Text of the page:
One newly established link in the chain of neo-conservative think tanks tied to Jewish lobbying organizations is the Coalition for Democracy in Iran (CDI). Founded in 2002 by Michael Ledeen and Morris Amitay, who used to be executive director of the American Israel Public Affairs Committee (AIPAC), the organization aims to foster political support for regime change in Iran. Members include Raymond Tanter of the Washington Institute for Near East Policy (WINEP), itself an invention of AIPAC, Frank Gaffney, president of the Center for Security Policy (CSP) and Rob Sohani who has close personal and political links to the son of the deposed Shah of Iran, Reza Pahlavi. Ledeen, Amitay and Sobhani joined forces at the American Enterprise Institute (AEI) in a seminar entitled "The Future of Iran", co-sponsored by the Hudson Institute and the Foundation for Defense of Democracies. All three have connections with the media agency Benador Associates that manages both their op-ed placem! ents and television appearances. Eleana Benador represents Richard Perle, James Woolsey, Charles Krauthammer, Martin Kramer and other neo-conservatives tied to the Bush administration.

Influence on the levers of power in Washington is not only secured through lobbying efforts. There is also persuasive evidence for covert activity. In August 2004, it was revealed that classified documents including a draft National Security Presidential Directive devised in the office of Undersecretary of Defense for Policy Douglas Feith was shared with AIPAC and Israeli officials. The document set out a rather more aggressive US policy toward Iran and was leaked by Lawrence Franklin, an "expert" on Iran who was recruited to Feith's office from the Defense Intelligence Agency. An FBI counterintelligence operation revealed that the same Franklin met repeatedly with Naor Gilon, the head of the political department at the Israeli embassy in Washington, and other officials and activists tied to the Israeli state and Jewish lobbying organizations, primarily AIPAC.

Feith himself has longstanding links to Zionist pressure groups. The Zionist Organization of America (ZOA), for example, honored him and his father for their service to Israel and the Jewish people in 1997. He is also cofounder of "One Jerusalem", a Jerusalem-based organization whose ultimate goal is securing "a united Jerusalem as the undivided capital of Israel." A second cofounder of this organization is David Steinmann who is chairman of another neo-conservative institution with close ties to Israel's Likud party, the Jewish Institute for National Security Affairs (JINSA). He is also a board member of the CSP and chairman of the executive committee of the Middle East Forum. Two other cofounders of "One Jerusalem" are directly tied to the Likud party: Dore Gold is a top advisor to Prime Minister Ariel Sharon and Natan Sharansky is Israel's Minister of Diaspora Affairs.

What makes things easier for the neo-conservative-Likudnik coterie is that it is operating within a pre-existent "anti-Iranian" context. Most analysts would agree that the image of Iran as a country in the grip of endemic revolutionary hysteria has been produced, reified and internalized by large segments of the American and Israeli public for quite some time now. That perspective has it that post-revolutionary Iran is monolithic, ruled by sword-swinging mullahs who are not to be trusted. It is a view openly articulated by many. Richard Perle, Harold Rhode, Michael Ledeen, David Frum and other activists and decision-makers tied to the neoconservative-Likudnik nexus are among them. For Iran, it is typically argued, there can be no reprieve. "When it is in our power and interest," pontificate Perle and Frum in their latest book An End to Evil, "we should toss dictators aside with no more compunction than a police sharpshooter feels when he downs a hostage-taker".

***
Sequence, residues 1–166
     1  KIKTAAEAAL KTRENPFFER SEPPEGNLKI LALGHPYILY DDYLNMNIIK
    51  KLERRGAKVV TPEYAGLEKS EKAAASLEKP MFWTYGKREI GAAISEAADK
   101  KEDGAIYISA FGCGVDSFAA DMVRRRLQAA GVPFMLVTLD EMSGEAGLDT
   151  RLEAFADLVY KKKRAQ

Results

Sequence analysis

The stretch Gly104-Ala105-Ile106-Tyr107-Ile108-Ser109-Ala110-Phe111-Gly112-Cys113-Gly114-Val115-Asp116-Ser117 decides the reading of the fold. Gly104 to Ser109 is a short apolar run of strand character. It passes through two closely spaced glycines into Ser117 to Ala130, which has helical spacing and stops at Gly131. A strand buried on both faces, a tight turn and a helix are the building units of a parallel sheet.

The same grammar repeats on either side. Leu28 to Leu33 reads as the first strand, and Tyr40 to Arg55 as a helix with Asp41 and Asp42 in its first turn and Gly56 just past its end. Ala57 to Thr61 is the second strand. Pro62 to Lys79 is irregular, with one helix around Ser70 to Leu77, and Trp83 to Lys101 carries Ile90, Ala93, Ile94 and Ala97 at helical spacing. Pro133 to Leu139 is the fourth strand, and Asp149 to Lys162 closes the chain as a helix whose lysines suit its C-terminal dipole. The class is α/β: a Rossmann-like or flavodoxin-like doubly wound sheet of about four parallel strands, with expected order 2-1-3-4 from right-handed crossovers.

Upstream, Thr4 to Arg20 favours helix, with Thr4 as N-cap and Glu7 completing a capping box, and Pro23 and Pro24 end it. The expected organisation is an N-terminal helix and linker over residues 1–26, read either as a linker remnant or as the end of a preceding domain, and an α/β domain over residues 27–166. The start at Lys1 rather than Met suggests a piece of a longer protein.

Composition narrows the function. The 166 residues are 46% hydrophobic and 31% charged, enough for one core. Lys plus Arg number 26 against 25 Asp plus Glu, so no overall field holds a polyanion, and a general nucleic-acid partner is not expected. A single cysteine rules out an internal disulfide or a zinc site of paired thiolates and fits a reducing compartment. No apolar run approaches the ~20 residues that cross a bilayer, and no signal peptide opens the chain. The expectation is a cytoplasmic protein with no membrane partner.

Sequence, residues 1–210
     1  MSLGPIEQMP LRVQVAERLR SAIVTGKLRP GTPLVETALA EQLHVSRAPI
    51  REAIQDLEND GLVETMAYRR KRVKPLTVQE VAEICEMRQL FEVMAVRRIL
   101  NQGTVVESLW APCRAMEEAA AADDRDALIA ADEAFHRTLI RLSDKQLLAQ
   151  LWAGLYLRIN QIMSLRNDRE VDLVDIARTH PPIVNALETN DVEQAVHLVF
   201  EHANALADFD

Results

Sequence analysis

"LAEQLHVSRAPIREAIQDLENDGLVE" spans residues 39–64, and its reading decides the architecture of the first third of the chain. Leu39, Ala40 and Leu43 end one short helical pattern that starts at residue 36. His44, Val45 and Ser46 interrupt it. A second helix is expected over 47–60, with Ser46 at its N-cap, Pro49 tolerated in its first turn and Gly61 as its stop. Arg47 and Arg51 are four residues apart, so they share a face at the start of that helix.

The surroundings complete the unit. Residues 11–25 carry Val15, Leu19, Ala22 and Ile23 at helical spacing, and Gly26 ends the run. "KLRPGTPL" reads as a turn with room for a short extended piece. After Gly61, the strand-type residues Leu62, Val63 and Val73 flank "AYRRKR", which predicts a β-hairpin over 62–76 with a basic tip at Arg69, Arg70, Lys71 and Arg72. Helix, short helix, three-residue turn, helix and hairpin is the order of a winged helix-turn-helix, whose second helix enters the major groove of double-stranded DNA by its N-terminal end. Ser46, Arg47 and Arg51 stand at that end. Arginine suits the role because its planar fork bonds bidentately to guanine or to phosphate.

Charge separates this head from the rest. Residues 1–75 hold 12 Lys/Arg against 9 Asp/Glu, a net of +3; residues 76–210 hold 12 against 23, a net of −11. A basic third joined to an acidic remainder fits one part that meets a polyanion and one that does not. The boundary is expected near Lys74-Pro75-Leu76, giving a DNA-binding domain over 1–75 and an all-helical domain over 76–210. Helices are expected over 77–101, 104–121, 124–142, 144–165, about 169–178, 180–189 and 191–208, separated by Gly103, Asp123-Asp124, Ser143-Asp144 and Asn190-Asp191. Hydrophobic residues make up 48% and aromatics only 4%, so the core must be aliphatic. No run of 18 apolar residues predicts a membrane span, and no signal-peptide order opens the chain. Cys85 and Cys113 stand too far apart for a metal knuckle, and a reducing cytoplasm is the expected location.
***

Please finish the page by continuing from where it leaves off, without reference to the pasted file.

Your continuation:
Given that the neo-conservative-Likudnik consensus has acquired all the qualities of a strategic, transnational alliance, it would be naive to assume that its mobile architects have not the means and determination to channel their campaigns into the power centers of Washington's foreign policy elite. Both the US and Israel are receptive to this kind of manipulation, because producing the image of Iran as a rogue actor serves the important function to legitimate their policies in West Asia (demonizing Israel and the United States is equally expedient for the Iranian state, of course). Yet, there is no escaping the fact that all three actors share a "common fate," that regional stability cannot be secured without a pragmatic consensus among them. This inevitable independence demands opening up communication channels for future dialogue. Reaching that stage is dependent on a) the willingness of the United States to engage Iran diplomatically and b) the ability of the Islamic Re! public to legitimate detente with both Israel and the United States on the level of ideological theorizing."

Neocons favor Netanyahu over Sharon

World Peace Herald: "Sharon's paradox remains, however, that he leads a remarkably united nation but also an increasingly divided ruling party. Further, and little noted either in Israel or the U.S. press, his determination to pull out of Gaza has angered the politically powerful pro-Israel neo-conservatives who dominate foreign policy making in the Bush administration.

Douglas Feith, under secretary for policy in the Department of Defense has over the years been openly critical of any initiative by any Israeli government to pull back from any territories whatsoever, starting with Gaza. David Wurmser, chief Middle East strategist for Vice President Dick Cheney and Harold Rhode, advisor on Islamic affairs to Defense Secretary Donald Rumsfeld are said by White House and Pentagon insiders to have privately expressed exactly the same sentiments.

In fact, the inner circle of neo-conservative intellectuals and policymakers in the Bush administration have never made any secret about their preference for Netanyahu, who shares their free market reforming sentiments and conviction that democracy must be spread around the Middle East to ensure lasting peace. Sharon, by contrast, is a power-focused pragmatist who has always remained at best indifferent to such economic and ideological issues.

Sharon therefore is an increasingly isolated figure in the very circles, both in Israel and Washington, that successive Likud prime ministers have routinely counted on for support over the past quarter century. So far, his high standing among the Israeli public has confounded his detractors in both camps. But their opposition can be expected to grow as he pushes ahead with the policy he deems crucial for his nation's future."